Benefits of beets - what are they? - Step To Health

Benefits of beets - what are they?

Beet consumption brings important nutrients and benefits to your body. Will you include it in your regular diet? Discover its main benefits.
Benefits of beets - what are they?

Last update: 29 May, 2021

Are you familiar with the benefits of beets? Beta vulgaris is a tuber that has many culinary uses throughout the world. It’s also known as table beet and stands out for its nutritional quality and contributions to health mainly. Are you aware of its benefits?

As data collected in SELF Nutrition Data, this is a low-calorie food that concentrates large amounts of B vitamins and minerals such as calcium, iron, magnesium, phosphorus, potassium, sodium, zinc and copper. It also provides you with carotenes, or sugars in the form of sucrose and protein.

Nutritional composition of a beet

Benefits of Beets

To detail its nutritional contribution, and considering the already mentioned data, this food consists of 87% water, 8% carbohydrates and 3% fiber. In addition to this, every 100 grams of this vegetable contains:

  • Calories: 43 kcal
  • Carbohydrates: 9.6 g
  • Protein: 1.6 g
  • Fat: .08
  • Fiber: 2.8 g
  • Sugar: 6.8 g

Other nutrients and benefits of beets

According to information from research published in the journal Nutrients, let’s highlight other nutrients in beets, in addition to their benefits. Here it is in detail:

  • The leaves from the beet contain lots of vitamin A and also the highest amount of vitamin C in the whole plant.
  • This vegetable is rich in healthy sugars and has a good contribution of fiber.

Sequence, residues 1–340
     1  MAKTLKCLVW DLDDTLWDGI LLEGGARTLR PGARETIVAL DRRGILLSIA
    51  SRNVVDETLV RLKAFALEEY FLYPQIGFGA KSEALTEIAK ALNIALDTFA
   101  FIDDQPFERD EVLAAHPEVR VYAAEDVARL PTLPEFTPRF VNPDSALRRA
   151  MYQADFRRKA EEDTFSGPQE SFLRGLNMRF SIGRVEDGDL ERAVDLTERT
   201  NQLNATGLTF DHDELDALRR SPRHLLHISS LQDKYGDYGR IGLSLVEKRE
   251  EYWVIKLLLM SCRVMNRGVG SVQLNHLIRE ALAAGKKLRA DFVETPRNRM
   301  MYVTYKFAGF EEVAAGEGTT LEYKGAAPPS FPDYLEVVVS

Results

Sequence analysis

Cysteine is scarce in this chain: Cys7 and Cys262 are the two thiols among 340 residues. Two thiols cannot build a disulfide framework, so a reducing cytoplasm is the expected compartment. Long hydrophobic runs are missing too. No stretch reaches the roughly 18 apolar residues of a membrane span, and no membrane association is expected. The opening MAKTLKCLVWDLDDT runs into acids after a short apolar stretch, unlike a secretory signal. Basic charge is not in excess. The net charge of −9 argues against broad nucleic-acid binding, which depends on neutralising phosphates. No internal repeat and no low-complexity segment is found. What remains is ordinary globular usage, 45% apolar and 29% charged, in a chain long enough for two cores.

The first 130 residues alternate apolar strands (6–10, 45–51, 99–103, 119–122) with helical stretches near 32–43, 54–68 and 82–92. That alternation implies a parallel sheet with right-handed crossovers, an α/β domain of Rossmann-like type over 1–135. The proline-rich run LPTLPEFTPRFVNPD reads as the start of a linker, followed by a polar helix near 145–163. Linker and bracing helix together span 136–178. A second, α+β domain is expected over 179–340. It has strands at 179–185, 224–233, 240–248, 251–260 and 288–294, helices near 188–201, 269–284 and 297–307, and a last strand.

• It has a high concentration of iron (three times higher than spinach) so it strengthens your immune system to stimulate the production of antibodies and white blood cells.
  • It contains phenolic compounds, such as flavonoids, which make beets a great source of antioxidants.

Benefits of beets on your health

A high source of iron

Lots of iron

Beets provide us with a considerable amount of iron. This is a very important mineral because it helps generate hemoglobin. According to a study conducted by Sri Ramachandra University (India), it states that red beet juice can support the treatment against anemia, as it contributes to improve the level of hemoglobin in the blood.

It helps regulate blood pressure

High blood pressure is one of the risk factors for cardiovascular diseases. Fortunately, foods like beets can help keep our levels stable to avoid complications.

According to research published in the Journal of Nutrition, the concentration of nitrates in beets leads to a vasodilator effect, to which they attribute this benefit.

It has anti-inflammatory properties

Fights osteoporosis

Beets contain pigments known as betalains, to which some attribute anti-inflammatory effects. An investigation published in Nutrition and Dietary Supplements determined that betalain capsules made with beet extract reduce the pain and discomfort caused by osteoarthritis.